Statistical analysis
The data collected was statistically analyzed by Analysis of Variance and least significant difference (LSD) using SPSS 16.0 software , significance was accepted at P<0.05.


Newcastle disease continues to be a major threat to the poultry industry despite the wide spread use of various vaccines and route of vaccination. One way of controlling this problem is to improve the efficacy of vaccines by experimenting different routes of immunization. In the present study, three routes (spray, ocular and drinking water) of vaccination against ND were used on 5 and 26 days of age. Geometric mean titers (GMT) of different groups at different days are shown in table 2. GMT of groups A, B and C showed a rise in antibody titer from 12th day of age, which reached the peak level at day 26. There was higher rise in antibody titer in group A and B as compared to group C as gastric secretions provided a non–specific barrier against invaders and destroyed them. Thus, some of the vaccinal virus given through oral route got denatured resulting in reduced antibody titer in group C (Tizard, 1996). Decrease in HI antibody titer was observed in subgroups A1, A2, A3, B1, B2, B3, C1, C2 and C3 and sharp rise in antibody titer in sub groups D1, D2 and D3 on 33th day of experiment (7 day post challenge), as shown in Table 2. These observations are in coordination with (Tizard, 1996) who described a decrease in antibody titer due to neutralization of virus with circulating antibodies and rise in antibody titer due to activation of immune system against challenge due to which rise in antibody titer noted in serum.

A sharp rise in antibody titer was also observed in subgroups A1, A2, A3, B1, B2, B3, C1, C2 and C3 on day 40 (14 days post challenge). Similarly (Manzoor, 1999) observed that in vaccinated birds challenged virus was neutralized by circulating antibodies and the immune system was boosted up resulting in increase in antibody titer. However, no histopathological changes were shown in parts of Harderian gland, bursa of fabricius and thymus of groups A, B, C, D and E on day 26, Table 3.

Histopathological changes in Harderian gland, bursa of fabricius and thymus of different groups at day 33 and 40 are shown in Tables 4 and 5. On day 33, no histopathological lesions were noted in Harderian Gland of Subgroups A3, B3, C3 and D3 and E. On day 33, no histopathological lesions were seen in bursa of fabricius and thymus of subgroups B2, B3, C2 and E, while severe lesions were seen in subgroups D1, D2 and D3 (Table 4). Histopathological lesions in Harderian Gland, Interfollicular edema and necrosis of lymphoid follicles were seen in bursa of Fabricius while thymus showed necrotic centers and less dense population of lymphocytes in subgroups A1, A2 and A3. A few birds of subgroup C3 also showed mild degree of same lesions. Our results are similar to previous reports (Salam, 2003; Giambrone, 1985) Who noted necrosis and degeneration in bursa of fabricius and thymus after NDV challenge.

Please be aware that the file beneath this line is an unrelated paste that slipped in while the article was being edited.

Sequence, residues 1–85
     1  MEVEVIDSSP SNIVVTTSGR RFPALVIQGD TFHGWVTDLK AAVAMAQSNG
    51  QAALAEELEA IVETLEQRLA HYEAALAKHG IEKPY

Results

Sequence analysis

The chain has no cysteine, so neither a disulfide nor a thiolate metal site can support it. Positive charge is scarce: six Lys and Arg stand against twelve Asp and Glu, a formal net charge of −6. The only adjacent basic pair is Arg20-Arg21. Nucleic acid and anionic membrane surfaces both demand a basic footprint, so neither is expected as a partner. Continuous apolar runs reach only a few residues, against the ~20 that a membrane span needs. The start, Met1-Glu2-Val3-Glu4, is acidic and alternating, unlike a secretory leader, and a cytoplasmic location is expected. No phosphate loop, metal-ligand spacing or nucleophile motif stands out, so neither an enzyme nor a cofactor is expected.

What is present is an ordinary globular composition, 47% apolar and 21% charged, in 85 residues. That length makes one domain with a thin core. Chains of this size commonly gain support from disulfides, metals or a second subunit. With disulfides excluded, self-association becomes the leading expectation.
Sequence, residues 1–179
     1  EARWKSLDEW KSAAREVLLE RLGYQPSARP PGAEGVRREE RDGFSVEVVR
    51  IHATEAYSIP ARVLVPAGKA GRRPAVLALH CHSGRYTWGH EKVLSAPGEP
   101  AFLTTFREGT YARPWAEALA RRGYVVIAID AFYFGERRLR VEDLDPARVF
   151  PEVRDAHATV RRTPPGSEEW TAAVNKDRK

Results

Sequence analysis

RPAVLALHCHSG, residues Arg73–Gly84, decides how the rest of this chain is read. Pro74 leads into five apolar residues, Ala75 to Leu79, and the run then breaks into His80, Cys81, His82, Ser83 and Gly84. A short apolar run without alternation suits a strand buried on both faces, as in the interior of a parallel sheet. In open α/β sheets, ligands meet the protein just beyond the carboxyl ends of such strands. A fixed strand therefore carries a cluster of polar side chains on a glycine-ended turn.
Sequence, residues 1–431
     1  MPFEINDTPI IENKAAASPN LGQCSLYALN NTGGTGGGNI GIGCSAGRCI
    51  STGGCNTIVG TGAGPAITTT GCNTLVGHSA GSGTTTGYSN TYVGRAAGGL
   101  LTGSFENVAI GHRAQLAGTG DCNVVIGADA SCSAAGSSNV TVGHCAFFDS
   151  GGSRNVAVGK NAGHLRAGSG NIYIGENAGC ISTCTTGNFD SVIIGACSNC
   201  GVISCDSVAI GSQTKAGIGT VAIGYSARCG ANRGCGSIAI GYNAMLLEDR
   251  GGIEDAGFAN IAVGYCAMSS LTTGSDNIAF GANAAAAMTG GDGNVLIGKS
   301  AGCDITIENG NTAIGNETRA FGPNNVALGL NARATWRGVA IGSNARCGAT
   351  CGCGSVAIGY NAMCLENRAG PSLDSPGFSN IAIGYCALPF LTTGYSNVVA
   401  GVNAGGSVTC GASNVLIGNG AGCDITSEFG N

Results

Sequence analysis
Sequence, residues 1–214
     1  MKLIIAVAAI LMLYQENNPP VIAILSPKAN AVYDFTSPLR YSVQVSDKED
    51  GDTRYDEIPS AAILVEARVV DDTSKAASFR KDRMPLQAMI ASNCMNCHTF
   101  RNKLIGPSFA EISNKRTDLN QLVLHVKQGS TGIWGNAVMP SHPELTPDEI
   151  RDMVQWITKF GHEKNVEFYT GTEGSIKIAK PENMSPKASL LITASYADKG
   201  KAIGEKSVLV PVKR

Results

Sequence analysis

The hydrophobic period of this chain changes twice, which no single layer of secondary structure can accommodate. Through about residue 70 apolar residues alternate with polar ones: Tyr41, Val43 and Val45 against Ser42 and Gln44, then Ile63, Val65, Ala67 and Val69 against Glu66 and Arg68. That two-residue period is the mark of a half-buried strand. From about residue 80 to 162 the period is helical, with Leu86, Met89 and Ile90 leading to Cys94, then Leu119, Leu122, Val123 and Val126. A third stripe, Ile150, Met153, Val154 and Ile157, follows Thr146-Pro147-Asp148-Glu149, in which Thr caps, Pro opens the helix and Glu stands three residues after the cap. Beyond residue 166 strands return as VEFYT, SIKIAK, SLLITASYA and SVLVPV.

Mean plasma cell counts in sections of Harderian gland of different groups at different days are presented in Table–6. On day 26, significantly (P<0.05) higher number of Plasma cells were seen in stroma of Harderian gland in groups A, B and C as compared to D and E. These results are in line with the findings of (Jayawardane and spradbrow, 1995; Giambrone, 1985) who studied significant increase in plasma cells in sections of Harderian gland after vaccinations. Plasma cell count in group A was significantly (P<0.05) higher than that of group B and C. Hyperemia and vascularization along with increased number of plasma cells were seen in subgroups A1, A2, B1, B2, C1, C2, D1 and D2. Our findings are supported by those of (Salam, 2003). Increase in plasma cell number was also observed in orally challenged birds (Subgroups A3, B3, C3 and D3) but this increase was not as significant as that of coarse spray challenged birds (Table 6).

No mortality at twenty six (26) days post challenge of different subgroups A1, A2, A3 and B1 was recorded. This shows that the spray method of vaccination not only provides good protection against field challenge but also no pathological changes observed in the lymphoid organs.


The authors acknowledged the cooperation of the Department of Pathology and Quality Operation Laboratory of the University of Veterinary and Animal Sciences, during the trial.